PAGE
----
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From Long-Term Data to Understanding: Toward a Predictive Ecology
2015 LTER ASM Estes Park, CO - August 30 - September 2, 2015

Spatial Variability in Phytoplankton Bloom Dynamics and Mechanism Throughout the Southern Ocean

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Tyler Rohr
Matt Long
Scott Doney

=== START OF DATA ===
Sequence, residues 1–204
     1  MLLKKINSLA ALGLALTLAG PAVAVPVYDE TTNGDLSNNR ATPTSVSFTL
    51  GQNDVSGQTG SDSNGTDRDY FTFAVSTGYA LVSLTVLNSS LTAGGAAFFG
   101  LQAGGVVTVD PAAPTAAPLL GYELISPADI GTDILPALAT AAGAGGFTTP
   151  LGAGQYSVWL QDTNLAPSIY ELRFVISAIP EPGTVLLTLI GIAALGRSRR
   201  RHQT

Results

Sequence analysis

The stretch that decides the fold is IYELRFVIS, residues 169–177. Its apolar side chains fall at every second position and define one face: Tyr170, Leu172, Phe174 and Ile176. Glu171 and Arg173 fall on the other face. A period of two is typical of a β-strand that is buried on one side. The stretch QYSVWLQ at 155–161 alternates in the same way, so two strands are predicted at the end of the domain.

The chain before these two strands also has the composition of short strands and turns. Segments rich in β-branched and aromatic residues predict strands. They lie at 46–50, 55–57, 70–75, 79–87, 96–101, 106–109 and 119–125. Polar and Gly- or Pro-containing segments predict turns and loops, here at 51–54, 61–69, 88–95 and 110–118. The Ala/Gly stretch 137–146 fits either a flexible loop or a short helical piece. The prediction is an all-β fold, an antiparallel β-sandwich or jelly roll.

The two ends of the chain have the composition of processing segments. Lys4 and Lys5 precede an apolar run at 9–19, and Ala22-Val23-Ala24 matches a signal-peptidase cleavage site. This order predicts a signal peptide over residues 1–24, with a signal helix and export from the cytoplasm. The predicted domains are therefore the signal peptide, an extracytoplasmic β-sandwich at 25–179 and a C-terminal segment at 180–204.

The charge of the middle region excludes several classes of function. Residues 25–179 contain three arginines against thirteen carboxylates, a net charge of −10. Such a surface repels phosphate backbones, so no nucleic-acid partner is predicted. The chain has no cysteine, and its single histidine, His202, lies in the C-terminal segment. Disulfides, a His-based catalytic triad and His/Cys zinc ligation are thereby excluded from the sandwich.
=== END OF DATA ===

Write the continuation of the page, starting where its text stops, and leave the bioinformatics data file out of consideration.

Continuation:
In light of the recently proposed ‘disturbance-recovery’ hypothesis, in model testing is combined with historic remote sensing observations to examine the effect of top down (grazing pressure) versus bottom up (growth conditions, i.e. light, nutrients) controls on phytoplankton ecosystem dynamics throughout the Southern Ocean.  A high-resolution daily mean output CESM run with a relatively high degree of biogeochemical complexity and recently improved quantification of photosynthesis under sea ice is used in conjunction with MODIS ocean color and particle backscattering observations to explore spatial variability in phytoplankton bloom phenology, magnitude, and mechanism. Variability in the relative timing and magnitude of events alongside correlations between interannual physical processes and ecosystem properties are used to identify ecologically distinct regions. Next, qualitative and quantitative offsets between population specific growth rates and cell specific division rates are studied in conjunction with an explicit analysis of in-model grazing rates and nutrient limitations to tease apart which biological, trophic and/or physical controlling mechanisms may dominate regionally and account for the observed variability in ecosystem dynamics. Results suggest that that the relative importance of any individual mechanism varies strongly in space. Specifically the open ocean and seasonally ice-covered regions in the South Pacific and South Atlantic are compared.  While deep winter mixing appears to serve as a trigger for bloom initiation in the open ocean south Pacific, partially relieved iron stress in the open ocean South Atlantic and seasonal ice coverage at higher latitude present more complicated systematics.  As climate driven alterations moderate the relevant physical processes understanding variability in their role controlling bloom dynamics will help provide predictive insight to how future phytoplankton ecosystems will respond to a changing climate.

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